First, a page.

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No-tillers and other growers using Bacillus thuringiensis (Bt) corn or cotton seed need to make sure they do a good job of following all of the essential rules and regulations this year.
That’s because what happens during planting and spraying this year will have a big impact on future usage since both Bt corn and cotton registrations expire this year. Environmental Protection Agency staffers maintain adherence to the refuge requirements will play a key role in whether the technology is approved for continued use.
However, refuge requirements are just one part of a grower’s integrated resistance management plan. As a result, extensive communication and education among dealers, extension personnel and industry representatives about all aspects of growing Bt crops is essential.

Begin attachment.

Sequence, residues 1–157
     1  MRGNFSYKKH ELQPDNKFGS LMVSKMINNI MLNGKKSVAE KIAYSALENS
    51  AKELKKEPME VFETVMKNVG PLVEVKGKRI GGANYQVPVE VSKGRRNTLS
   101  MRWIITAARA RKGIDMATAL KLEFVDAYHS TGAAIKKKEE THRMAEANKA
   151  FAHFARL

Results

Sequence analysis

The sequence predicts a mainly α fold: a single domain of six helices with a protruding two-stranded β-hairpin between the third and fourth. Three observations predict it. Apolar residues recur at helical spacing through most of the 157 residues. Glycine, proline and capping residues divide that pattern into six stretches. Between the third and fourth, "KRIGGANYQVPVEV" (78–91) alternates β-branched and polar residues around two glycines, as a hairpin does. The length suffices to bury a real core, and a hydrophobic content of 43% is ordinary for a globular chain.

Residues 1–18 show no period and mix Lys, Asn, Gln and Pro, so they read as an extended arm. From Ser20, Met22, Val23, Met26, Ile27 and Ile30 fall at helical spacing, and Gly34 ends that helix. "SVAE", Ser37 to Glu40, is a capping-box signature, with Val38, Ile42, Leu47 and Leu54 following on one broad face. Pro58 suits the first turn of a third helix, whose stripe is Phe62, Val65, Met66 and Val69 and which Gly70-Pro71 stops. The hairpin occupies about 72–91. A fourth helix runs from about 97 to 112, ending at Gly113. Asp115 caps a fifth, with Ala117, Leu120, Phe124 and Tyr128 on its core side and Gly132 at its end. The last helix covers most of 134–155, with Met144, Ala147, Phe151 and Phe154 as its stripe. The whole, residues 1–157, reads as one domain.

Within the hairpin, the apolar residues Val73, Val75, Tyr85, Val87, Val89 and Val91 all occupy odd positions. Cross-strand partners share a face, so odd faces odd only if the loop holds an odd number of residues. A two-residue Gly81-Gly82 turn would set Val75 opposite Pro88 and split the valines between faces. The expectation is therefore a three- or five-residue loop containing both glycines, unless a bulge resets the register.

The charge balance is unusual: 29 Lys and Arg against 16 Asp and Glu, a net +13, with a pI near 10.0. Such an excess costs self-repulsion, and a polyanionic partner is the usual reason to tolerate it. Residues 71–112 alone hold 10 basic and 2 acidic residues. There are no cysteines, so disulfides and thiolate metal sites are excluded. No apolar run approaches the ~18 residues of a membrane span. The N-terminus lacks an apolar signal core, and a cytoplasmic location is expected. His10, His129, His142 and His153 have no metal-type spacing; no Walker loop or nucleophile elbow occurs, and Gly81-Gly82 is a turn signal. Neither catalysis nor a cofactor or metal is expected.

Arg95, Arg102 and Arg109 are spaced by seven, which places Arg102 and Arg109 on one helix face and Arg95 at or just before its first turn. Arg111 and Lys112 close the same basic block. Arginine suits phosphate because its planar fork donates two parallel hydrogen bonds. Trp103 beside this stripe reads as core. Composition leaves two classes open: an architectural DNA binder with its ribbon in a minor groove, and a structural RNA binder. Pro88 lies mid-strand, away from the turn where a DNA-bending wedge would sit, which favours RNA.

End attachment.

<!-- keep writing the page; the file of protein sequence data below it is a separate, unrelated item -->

“Farmers across the country know the benefits of biotechnology are real and very significant — not just for agriculture, but for consumers as well,” says Lee Klein, a farmer from Battle Creek, Neb., and president of the National Corn Growers Association. “For example, corn and cotton products that carry the Bt trait provide these crops with natural resistance to pests that can cause tremendous damage. This in-plant protection provides a terrific environmental benefit because it lets farmers use less pesticide in a more precise manner.”
Ron Heck, who farms at Perry, Iowa, says Bt corn provides a safe, economical and environmentally friendly option for controlling these pests. “That’s why we maximized our use of Bt hybrids approved for food, feed and export for 200l,” he says.